JAKARTA - Responding to demands that proper sex education be taught in schools in order to protect children from rape, Education and Culture Minister Mohammad Nuh said that it was unnecessary as it could promote indecency among the country's youth.
"According to our traditions, it is indecent to talk about it, and that is my standpoint. I don't believe we need that yet," the minister told The Jakarta Post in Jakarta on Wednesday.
Faiza Mardzoeki, a spokesperson for the Women's Alliance against Rape (APTP) said proper knowledge of reproductive rights could help students protect themselves from sexual predators.
She was referring to the 14-year-old Depok girl who was raped by alleged human traffickers in Bogor, West Java. The abduction and rape could have been prevented if the girl had been given enough knowledge about sex, particularly in identifying sexual harassment.
Activists have urged the ministry to refine reproduction education in the national school curriculum, saying that it might curb the number of teenage rape, which has surged to 27 cases this year.
They deemed that Nuh had not paid enough attention to sexual assaults against students. The minister, instead, made a negative remark to rape victims, saying that "they do it for fun and then the girl alleges that it's rape."
Nuh told the Post that he had no knowledge about reproductive education. "I am sorry, mentioning s-e-x is already taboo to me," he said.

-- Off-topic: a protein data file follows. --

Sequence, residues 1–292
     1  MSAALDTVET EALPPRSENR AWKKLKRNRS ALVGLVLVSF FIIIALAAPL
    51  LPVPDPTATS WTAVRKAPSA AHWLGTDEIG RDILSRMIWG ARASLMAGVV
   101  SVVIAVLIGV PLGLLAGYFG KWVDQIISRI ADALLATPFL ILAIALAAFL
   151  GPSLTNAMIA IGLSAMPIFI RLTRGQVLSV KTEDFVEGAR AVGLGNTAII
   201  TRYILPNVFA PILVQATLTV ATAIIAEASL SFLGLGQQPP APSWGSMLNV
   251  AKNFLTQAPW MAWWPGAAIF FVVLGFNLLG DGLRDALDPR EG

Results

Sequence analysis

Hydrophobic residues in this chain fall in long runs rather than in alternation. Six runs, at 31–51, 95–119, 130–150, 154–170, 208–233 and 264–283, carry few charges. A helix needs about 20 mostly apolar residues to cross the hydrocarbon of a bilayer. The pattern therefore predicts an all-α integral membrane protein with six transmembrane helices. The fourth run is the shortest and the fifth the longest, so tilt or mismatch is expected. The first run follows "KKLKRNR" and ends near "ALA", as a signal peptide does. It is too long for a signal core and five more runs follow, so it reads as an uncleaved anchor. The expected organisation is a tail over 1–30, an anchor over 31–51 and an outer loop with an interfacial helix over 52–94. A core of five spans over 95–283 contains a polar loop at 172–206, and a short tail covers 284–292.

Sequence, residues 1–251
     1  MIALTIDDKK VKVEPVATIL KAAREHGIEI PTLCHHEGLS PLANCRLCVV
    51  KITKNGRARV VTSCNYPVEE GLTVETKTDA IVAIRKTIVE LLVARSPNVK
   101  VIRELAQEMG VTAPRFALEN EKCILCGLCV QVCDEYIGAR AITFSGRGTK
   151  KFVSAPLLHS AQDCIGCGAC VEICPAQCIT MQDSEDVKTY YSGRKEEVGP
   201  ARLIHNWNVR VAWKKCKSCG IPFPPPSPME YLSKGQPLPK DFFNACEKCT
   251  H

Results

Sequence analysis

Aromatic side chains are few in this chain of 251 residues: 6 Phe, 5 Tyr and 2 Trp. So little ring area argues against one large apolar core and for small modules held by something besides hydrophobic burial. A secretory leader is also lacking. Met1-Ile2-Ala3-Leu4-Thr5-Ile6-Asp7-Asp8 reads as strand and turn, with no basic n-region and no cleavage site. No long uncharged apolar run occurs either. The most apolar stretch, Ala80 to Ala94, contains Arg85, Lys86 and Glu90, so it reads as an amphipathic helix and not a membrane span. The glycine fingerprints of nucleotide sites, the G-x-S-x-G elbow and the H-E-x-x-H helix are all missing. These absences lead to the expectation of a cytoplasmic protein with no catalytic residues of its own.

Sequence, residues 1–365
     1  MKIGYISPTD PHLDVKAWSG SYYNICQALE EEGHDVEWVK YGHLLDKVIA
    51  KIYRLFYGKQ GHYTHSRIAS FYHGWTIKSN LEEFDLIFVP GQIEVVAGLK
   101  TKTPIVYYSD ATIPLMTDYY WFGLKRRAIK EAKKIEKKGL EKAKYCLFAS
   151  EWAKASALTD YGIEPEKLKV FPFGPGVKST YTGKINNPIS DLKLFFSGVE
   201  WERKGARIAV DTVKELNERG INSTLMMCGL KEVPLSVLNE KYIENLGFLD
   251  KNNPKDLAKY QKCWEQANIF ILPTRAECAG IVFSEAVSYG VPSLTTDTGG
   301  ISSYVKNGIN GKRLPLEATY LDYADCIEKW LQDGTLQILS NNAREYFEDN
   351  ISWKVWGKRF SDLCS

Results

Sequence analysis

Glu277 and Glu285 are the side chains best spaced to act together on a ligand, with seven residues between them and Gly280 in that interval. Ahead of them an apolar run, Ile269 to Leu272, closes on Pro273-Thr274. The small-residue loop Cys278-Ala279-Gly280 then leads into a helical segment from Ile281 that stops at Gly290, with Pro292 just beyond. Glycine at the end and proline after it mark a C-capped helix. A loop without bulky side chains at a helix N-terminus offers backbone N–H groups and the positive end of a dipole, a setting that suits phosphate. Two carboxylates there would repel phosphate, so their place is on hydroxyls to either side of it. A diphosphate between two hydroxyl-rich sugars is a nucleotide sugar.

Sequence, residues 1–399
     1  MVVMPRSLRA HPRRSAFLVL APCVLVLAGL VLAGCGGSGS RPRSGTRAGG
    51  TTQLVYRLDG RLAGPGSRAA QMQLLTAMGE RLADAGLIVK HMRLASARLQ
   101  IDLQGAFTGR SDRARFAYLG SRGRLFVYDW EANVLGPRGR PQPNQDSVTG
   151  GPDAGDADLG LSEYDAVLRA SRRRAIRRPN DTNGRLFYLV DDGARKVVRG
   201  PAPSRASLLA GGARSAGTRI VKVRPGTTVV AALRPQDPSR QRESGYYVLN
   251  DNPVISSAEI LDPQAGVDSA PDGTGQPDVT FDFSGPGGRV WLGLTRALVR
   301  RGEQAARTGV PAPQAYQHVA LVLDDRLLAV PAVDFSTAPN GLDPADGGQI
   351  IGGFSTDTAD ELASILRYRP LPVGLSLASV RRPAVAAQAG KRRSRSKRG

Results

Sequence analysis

Given the sensitivity of the subject of reproductive education, Nuh suggested that parents should be responsible for assisting their children in learning about reproductive rights.
"We didn't get education on reproduction when we were children, but we learned that from our families. Considering the high privacy level of this topic, it is more suitable if the family played a dominant role," he added.
According to Nuh, the public was not ready to have more sex education in the school curriculum because there have been a big controversies regarding some study content. Some parents complained about school worksheets featuring "adult content".
"The controversy on LKS [student worksheets] has prompted us to reconsider the best way to deliver education on reproduction, whether to use direct or symbolic languages," he said.
Among the questionable content was a complicated love story about a mistress, a photo of the fully-clothed porn star Japanese porn star Maria "Miyabi" Ozawa, and multiple choice questions about the human reproduction system.
Faiza said that the public needs to change their mind-sets about sex education, given its huge importance to the students.
"Don't perceive the subject as taboo. Junior and senior high school students must be able to identify which actions are considered sexual harassment and assault," she said.
Seto Mulyadi from the government-sanctioned National Commission for Child Protection (Komnas Anak) said that sex education in Indonesia lagged behind some countries, like Japan.
"Kindergarten students in Japan are given education about reproductive organs regarding how to clean and protect them, including banning anyone from touching their private parts. In our education system, some of those theories have been delivered, but in some way, the school hasn't provided practical methods for students to protect themselves," Seto said in a telephone interview.
Seto suggested that parents and schools need to work hand in hand. Seto, however, pointed out that schools need to be more prepared, considering not all parents have sufficient knowledge to address the issue.
When Faiza and some activists staged a protest in front of Nuh's office, the minister invited them to come in and discuss the issue with him. The group, however, declined his invitation because the ministry's security officers didn't allow them to bring their banners in.
The protesters dispersed before Nuh got the chance to meet them.